Classic Computer Magazine Archive COMPUTE! ISSUE 96 / MAY 1988 / PAGE 11


Computer Drama
I believe that the computer software and hardware industries should address two things: a flexible word processing program which permits easy and quick formatting of scripts and plays, and a full 60-column screen so we will be able to see an entire page without incessant scrolling.
    Considering how much software and hardware comes out of California, I am surprised that nobody has done just this for TV and movie script writing.

Clement G. Scerback
Seminole, Florida

More on CD-ROM
I was horrified to read Phil Nelson's comment in the February COMPUTE! that "in the meantime, there are exactly two CD-ROM applications for micros-the American Heritage encyclopedia and Microsoft Bookshelf-both for the IBM PC."
    First, there are more than two applications. The August 1987 issue of CD-ROM Review listed 100 titles. Some may be vaporware, and some are not yet available, but there are certainly more than two available. As an example, for librarians there are Books in Print, Ulrich's International Periodicals Directory, and Reader's Guide to Periodical Literature. In addition, one user's group has a disc that contains more than 600 floppies worth of public domain software, and last spring I played with ERIC (an index to educational material) and a medical index.
    Second, I believe that Nelson meant the Grolier Americana Encyclopedia. Both may be available, but I've only seen the Grolier one.
    Third, of course they are only available for the IBM PC. Most of the material is business-oriented. This isn't surprising, considering the cost of the CD-ROM players.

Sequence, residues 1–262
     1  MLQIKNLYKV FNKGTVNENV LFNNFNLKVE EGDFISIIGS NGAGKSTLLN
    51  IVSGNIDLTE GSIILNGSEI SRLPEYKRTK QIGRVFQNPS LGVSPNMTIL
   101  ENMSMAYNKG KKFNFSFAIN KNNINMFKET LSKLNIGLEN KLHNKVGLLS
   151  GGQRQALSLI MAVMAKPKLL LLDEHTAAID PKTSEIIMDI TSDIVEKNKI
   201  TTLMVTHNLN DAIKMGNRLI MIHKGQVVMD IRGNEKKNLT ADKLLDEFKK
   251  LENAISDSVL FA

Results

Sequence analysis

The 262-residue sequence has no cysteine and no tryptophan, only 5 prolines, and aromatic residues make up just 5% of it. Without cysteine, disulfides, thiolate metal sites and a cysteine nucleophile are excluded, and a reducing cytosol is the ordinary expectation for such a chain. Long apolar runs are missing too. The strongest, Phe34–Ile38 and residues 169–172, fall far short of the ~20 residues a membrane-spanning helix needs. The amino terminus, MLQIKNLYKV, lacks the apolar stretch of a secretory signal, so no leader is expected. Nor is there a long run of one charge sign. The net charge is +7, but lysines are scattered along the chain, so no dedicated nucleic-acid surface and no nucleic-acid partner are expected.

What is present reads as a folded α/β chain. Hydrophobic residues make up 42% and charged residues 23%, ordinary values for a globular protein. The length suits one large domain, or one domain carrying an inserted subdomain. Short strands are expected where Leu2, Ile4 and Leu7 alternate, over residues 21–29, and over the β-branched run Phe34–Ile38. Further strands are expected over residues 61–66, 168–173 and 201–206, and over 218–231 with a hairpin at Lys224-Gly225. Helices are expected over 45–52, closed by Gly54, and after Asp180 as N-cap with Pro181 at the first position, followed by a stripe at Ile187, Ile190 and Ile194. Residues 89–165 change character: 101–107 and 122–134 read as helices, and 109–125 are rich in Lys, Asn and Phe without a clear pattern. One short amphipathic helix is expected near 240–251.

Ken Bullock
Medicine Hat, Alberta, Canada

Computing for the Handicapped
I am currently working with severe and profound mentally and physically handicapped adults. I am using a Commodore 64 and a Commodore 128. The computer is used to teach skills such as attending and matching concepts.
    I would be interested in sharing ideas, problems, concerns, and programs with others who have written programs, or are using computers as a teaching aid, for mentally handicapped individuals.

Robert D. Gunn
1837 Carlyle
Beatrice, NE 68310

The British Invasion
I read your magazine often, though sometimes I can't get it. I am a British reader who lives abroad.
    This letter concerns the U.S. game market. The first thing I would like to say is that the games are appalling there. In my opinion, the U.S. has only five good game producers: Epyx, Access, Accolade, SSI, and MicroProse.
    This brings me to my next point. Your reviewers are missing something. It seems that the best games that U.S. companies are selling are from the U.K. I've had many of the "new games" that are being advertised now for six months. Your reviewers hardly ever mention this fact.
    Great Britain is also way ahead in arcade conversions. I'm sure that many people have heard of Run, Crysor, and The Last Mission. These games are already being converted to home computer games.
    In summary, I'll say that if you want good games, go to the U.K.

A. Blake Davies
Dubai, United Arab Emirates